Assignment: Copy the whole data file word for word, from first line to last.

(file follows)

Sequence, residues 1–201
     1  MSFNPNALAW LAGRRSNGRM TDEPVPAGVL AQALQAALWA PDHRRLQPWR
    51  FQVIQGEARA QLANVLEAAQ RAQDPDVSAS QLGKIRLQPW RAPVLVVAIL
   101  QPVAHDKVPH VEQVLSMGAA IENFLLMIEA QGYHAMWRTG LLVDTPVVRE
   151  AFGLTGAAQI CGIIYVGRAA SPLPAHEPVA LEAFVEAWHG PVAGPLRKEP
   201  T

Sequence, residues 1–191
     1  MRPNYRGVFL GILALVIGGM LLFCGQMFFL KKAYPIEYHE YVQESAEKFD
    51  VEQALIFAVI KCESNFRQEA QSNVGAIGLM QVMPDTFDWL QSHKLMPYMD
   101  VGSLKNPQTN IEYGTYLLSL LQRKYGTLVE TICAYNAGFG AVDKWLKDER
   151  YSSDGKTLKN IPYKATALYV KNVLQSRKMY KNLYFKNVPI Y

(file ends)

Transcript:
Sequence, residues 1–201
     1  MSFNPNALAW LAGRRSNGRM TDEPVPAGVL AQALQAALWA PDHRRLQPWR
    51  FQVIQGEARA QLANVLEAAQ RAQDPDVSAS QLGKIRLQPW RAPVLVVAIL
   101  QPVAHDKVPH VEQVLSMGAA IENFLLMIEA QGYHAMWRTG LLVDTPVVRE
   151  AFGLTGAAQI CGIIYVGRAA SPLPAHEPVA LEAFVEAWHG PVAGPLRKEP
   201  T

Sequence, residues 1–191
     1  MRPNYRGVFL GILALVIGGM LLFCGQMFFL KKAYPIEYHE YVQESAEKFD
    51  VEQALIFAVI KCESNFRQEA QSNVGAIGLM QVMPDTFDWL QSHKLMPYMD
   101  VGSLKNPQTN IEYGTYLLSL LQRKYGTLVE TICAYNAGFG AVDKWLKDER
   151  YSSDGKTLKN IPYKATALYV KNVLQSRKMY KNLYFKNVPI Y